Review: 'Chicho' at Theatre Passe Muraille

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  • Joe Szekeres, Chief Toronto Critic

I was pleased upon my arrival at Passe Muraille and being told the production is not pronounced ‘Chico’ as in Chico & The Man but ‘Cheech’o (as in comedians “Cheech & Chong”). I am hoping you are old enough to remember these two references. Mr. Bitter also refers to this fact at the top of the show.

Theatre Passe Muraille has billed ‘Chicho’ as “an ashamed-queer-Catholic-man-boy from Venezuela who hilariously attempts to feel beautiful despite his warring identity politics”.  So much inferred within this statement that I had no idea what I was about to see; however, what I’ve been discovering lately is the theatre of which I know nothing about leaves an indelible mark. This was my first visit to Passe Muraille so I was looking forward to attending.

Within the intimacy of the Backspace at Passe Muraille, a very simple set of a stool upstage right with an avocado on top (I’ll never look at avocadoes the same way ever again) and an angled dressing mirror on a movable riser with a drop cloth over it, I was led on a journey that was sometimes hilarious, a bit uncomfortable, often sad and highly poignant in Mr. Bitter’s attempt to feel ‘beautiful’ even in the midst of all the confusion he feels about himself, his country of Venezuela and his new home in Canada.

At this opening night performance, Mr. Bitter was magnetic as Chicho in his flamboyant and wildly enthusiastic delivery of this approximately 100-minute monologue sans intermission. He flits, shimmies, shakes and skims across the stage with an effeminate gracefulness and often bold and much in your face ‘I don’t care at all’ attitude. At times, he loves audience participation and with abandon either prances or dives right into the crowd with fanfare and glee to give little trinkets and tokens.

Future audience members who hold the Catholic faith close to their heart as I do, be forewarned as there are segments that did make me feel uncomfortable. Nevertheless, the technique of theatre should make us feel like this at times. While I didn’t object or was insulted by anything that was presented, I felt it was a tad unfair and unjust in presenting a one-sided and clearly outdated look at elements of the teachings of the Church in relationship to Chicho’s present lifestyle. I won’t bother getting into it here as this article is not a diatribe, but rather an opinion about a solid actor simply enjoying what he was doing in front of a live audience.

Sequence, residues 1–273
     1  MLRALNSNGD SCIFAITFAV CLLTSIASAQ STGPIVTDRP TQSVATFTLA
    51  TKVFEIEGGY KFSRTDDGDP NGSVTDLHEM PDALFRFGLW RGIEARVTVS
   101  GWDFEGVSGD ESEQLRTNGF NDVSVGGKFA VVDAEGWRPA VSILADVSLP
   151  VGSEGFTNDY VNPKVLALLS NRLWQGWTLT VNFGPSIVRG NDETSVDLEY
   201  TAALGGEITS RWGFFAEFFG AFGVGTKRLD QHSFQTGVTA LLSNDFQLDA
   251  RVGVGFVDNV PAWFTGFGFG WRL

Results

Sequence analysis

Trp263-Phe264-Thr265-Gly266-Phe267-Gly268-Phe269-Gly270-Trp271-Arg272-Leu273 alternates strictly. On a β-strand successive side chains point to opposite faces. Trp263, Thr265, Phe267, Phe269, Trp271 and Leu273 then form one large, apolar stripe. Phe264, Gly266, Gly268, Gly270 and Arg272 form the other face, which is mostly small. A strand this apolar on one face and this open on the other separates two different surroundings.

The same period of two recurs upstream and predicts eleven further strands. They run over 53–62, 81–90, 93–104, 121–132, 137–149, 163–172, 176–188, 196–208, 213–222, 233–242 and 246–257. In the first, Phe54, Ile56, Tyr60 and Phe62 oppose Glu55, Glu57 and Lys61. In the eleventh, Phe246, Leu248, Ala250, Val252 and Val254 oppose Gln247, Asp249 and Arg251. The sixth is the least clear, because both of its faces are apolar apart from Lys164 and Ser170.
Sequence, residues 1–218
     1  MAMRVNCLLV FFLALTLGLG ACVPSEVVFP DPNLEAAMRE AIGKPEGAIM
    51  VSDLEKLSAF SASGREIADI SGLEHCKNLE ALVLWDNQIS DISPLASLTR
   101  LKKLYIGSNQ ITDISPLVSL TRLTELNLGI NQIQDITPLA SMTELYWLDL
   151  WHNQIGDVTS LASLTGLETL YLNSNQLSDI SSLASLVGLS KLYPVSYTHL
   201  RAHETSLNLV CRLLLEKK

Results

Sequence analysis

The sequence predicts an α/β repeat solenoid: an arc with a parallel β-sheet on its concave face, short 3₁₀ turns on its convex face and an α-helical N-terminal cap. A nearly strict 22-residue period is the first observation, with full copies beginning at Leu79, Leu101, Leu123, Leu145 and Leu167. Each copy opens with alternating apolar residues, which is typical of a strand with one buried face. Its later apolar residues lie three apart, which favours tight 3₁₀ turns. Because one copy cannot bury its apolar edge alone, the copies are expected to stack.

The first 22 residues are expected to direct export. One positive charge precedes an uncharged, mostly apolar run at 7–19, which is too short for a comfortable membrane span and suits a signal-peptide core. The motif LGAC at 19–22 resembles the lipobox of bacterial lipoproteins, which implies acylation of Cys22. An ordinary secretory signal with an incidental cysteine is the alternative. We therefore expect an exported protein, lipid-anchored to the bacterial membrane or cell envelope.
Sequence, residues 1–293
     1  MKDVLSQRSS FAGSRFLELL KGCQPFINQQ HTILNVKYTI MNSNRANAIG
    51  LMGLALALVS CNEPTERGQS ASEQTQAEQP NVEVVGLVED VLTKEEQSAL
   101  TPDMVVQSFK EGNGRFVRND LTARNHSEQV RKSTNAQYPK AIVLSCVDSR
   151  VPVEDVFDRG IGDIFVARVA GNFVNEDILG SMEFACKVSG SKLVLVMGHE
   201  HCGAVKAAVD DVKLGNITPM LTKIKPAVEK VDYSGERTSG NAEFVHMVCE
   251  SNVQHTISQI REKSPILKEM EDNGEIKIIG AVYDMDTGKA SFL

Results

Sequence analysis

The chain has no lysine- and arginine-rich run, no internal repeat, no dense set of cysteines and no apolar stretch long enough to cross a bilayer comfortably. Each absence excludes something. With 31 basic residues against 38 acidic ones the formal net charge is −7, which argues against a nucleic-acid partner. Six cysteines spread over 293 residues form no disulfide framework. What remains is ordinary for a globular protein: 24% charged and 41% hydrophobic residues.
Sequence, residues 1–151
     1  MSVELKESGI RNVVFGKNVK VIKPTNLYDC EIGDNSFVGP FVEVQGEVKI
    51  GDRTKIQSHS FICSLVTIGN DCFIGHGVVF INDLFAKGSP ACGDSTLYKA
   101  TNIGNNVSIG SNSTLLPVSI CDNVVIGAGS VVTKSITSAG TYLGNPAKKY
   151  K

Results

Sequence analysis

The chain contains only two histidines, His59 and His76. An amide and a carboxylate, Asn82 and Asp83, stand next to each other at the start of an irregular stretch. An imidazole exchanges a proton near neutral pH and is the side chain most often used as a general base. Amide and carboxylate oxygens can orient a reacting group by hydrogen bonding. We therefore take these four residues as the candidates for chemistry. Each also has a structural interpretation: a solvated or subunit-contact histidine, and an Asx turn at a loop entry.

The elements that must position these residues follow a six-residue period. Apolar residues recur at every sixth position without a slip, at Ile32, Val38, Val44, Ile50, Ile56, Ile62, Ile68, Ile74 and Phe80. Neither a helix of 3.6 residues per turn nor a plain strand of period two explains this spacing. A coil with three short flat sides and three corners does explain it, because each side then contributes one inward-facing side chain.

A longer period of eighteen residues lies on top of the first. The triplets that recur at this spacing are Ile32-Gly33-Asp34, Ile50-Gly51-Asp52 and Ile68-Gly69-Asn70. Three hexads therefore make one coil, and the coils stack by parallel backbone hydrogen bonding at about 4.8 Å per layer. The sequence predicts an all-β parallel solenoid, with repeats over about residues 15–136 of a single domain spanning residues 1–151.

If anything, I marvelled at this performer’s energy and wondered how he maintains this octane fuelled stamina and drive. Director Claren Grosz and Mr. Bitter must have had some interesting and wild rehearsals in trying to decide where to give 110% energy and where to pull back.

Given the intimacy of the auditorium and from my vantage point in the house, Mr. Bitter clearly and cleverly uses his eyes and his facial features to convey many of his emotions that rang true for me. For me, underneath all Chicho’s heightened bravado to feel ‘beautiful’ lies an individual who is sad, scared and lonely as he goes from relationship to relationship sometimes fulfilled but often not. Make sure you read the very important BRIEF HISTORY in the programme as it helped me to contextualize Chicho’s present life with the connections he still feels to his home country.

Final Comments: As this was opening night, there wasn’t a possibility of having an audience talkback with Mr. Bitter and Ms. Grosz as people were set to enjoy a party. I hope there might be audience talkbacks later in the run for those who might be interested in speaking to Mr. Bitter and his take on the development and genesis of this story.  He

‘Chicho’ continues to March 24 at Theatre Passe Muraille, 16 Ryerson Avenue, Toronto.  For tickets, call the Box Office at 416-504-7529 or visit www.passemuraille.ca for further information.

Running time: 100 minutes with no intermission.

Photo of Augusto Bitter by Dahlia Katz.

Director/Producer: Claren Grosz; Sound Designer: Deanna H. Choi; Sound Assistant: Frank Incer; Lighting and Set Designer: Giuseppe Condello, Stage and Production Manager: Elyse Waugh; Production Assistant: Eunji Lee; Dramaturg: Jivesh Parasram;